A baby gecko’s coloration tends to be muted with shades of brown, tan, grey, and cream. However, many juvenile geckos will have brighter spots and bands that fade as they age. Babies can also display more blue coloring than adults do.

Once your little guy has grown up a bit (usually around six months), he’ll begin developing his adult coloration—and you’ll probably find yourself falling in love all over again!

 

How much do they cost?

The average gecko costs $35, but there are lots of factors that can change that price. The size of a gecko, for example, usually dictates how much it will cost. The bigger it is, obviously, the more you’ll have to pay. An adult, for example, will cost much more than an infant or juvenile.

Some breeders may also ask for an adoption fee if they think their pets deserve some extra care and attention as they transition into your home. And, of course, certain colors and patterns tend to be more expensive than others.

For example, a red-eyed leopard gecko will likely cost more than one with brown eyes. It all depends on what kind of deal you can find! Check out this article for fun facts about gerbils.

 

Housing requirements

The optimal terrarium size for a pair of adult geckos is 24 x 12 x 12. The bottom of your cage should be lined with aspen or other shredded wood shavings (aspen will hold humidity well, while also making cleaning easier).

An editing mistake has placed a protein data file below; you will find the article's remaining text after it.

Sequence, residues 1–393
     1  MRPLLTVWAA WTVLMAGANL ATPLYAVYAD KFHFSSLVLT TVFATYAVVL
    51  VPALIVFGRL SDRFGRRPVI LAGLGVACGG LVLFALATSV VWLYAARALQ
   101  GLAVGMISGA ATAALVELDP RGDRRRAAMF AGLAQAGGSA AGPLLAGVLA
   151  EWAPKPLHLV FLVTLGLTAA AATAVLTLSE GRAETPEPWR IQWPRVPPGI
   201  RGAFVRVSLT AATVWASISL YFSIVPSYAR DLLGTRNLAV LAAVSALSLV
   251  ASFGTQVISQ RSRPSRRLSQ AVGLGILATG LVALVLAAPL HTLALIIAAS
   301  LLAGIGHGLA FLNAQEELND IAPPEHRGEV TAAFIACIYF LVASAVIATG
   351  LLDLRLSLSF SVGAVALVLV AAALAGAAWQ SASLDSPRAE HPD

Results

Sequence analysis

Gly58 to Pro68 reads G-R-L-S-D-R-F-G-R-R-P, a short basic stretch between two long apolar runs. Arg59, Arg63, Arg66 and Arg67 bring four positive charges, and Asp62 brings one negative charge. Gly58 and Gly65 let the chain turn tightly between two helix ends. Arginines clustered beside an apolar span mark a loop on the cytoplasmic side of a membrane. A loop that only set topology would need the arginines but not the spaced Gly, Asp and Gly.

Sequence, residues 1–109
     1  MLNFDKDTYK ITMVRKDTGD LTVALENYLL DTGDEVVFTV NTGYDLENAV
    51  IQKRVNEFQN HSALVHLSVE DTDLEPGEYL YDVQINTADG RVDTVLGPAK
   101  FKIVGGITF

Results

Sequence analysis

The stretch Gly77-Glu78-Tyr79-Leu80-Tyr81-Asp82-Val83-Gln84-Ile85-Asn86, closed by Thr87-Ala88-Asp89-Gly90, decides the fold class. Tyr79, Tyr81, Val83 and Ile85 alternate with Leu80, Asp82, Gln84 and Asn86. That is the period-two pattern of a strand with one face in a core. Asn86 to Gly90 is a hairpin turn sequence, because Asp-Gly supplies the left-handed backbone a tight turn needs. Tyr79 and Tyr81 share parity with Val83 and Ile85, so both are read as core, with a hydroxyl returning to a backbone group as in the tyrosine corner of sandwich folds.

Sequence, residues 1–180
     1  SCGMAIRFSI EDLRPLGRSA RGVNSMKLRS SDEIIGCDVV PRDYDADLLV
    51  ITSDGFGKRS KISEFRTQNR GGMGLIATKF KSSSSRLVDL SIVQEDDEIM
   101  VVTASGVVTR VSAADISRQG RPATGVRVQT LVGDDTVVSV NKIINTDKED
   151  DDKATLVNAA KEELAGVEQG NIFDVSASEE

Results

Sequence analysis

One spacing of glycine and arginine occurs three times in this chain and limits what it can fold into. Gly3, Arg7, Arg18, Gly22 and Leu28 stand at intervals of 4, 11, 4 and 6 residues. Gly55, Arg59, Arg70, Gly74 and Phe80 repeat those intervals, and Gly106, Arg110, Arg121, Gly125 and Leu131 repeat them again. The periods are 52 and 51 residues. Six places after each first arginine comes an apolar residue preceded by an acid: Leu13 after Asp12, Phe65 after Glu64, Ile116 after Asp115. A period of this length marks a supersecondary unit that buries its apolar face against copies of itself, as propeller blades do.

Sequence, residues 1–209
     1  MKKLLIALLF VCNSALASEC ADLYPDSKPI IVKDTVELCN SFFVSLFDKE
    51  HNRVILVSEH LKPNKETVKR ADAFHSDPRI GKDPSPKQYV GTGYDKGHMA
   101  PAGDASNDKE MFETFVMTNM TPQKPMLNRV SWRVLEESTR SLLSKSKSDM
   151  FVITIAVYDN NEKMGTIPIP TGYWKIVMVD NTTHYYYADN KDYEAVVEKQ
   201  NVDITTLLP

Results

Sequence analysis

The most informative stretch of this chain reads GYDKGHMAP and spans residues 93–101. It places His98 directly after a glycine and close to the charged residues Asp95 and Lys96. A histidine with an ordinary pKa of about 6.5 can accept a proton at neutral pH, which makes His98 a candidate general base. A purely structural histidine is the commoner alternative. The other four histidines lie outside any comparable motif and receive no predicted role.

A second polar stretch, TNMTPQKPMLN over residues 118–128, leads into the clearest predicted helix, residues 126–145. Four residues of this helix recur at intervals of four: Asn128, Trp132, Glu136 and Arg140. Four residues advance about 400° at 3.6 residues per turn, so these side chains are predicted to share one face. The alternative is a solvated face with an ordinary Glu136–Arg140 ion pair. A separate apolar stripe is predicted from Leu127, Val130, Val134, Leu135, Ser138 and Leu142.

In addition, your cage should contain an area where heat can be provided (such as with a ceramic heat emitter and a basking lamp) and areas where cool can be provided. A shallow water dish should be placed in one of these cooler areas, but it must not become moldy.

A good rule of thumb is that if you wouldn’t drink from it yourself, don’t let your gecko drink from it either!

Finally, you’ll want to include multiple climbing branches throughout your enclosure; one per animal would be ideal. These should be positioned so that they hang over at least half of your gecko’s territory, providing him with more options for basking and escaping potential threats.

Be sure to provide plenty of hiding spots for your animals—ideally, there should be at least two hiding spots per animal. If possible, create a shelter out of PVC pipe or some other material (you can even cut up flower pots) so that they have somewhere warm to retreat during colder months.

 

Common health issues and their treatment

In general, geckos are very hardy and relatively easy to care for. However, many issues can arise that may lead to a decline in health or even death. These are just some of them. If you’re planning on adopting a gecko, it’s important that you know what these issues are so you can prevent them from happening at all.

Unfortunately, we cannot cover every issue here as there is simply too much info out there! Instead, check out our list of resources at the end of this post. They will provide you with more information about gecko care than any other source available online.

The first thing you should do before getting your new pet is thoroughly researched their care requirements. Without proper care, they could die within weeks! Fortunately, though, most geckos are resilient creatures who can survive if their needs aren’t met—they won’t thrive but they won’t die either.

Still, you want to make sure your new friend lives a long and healthy life.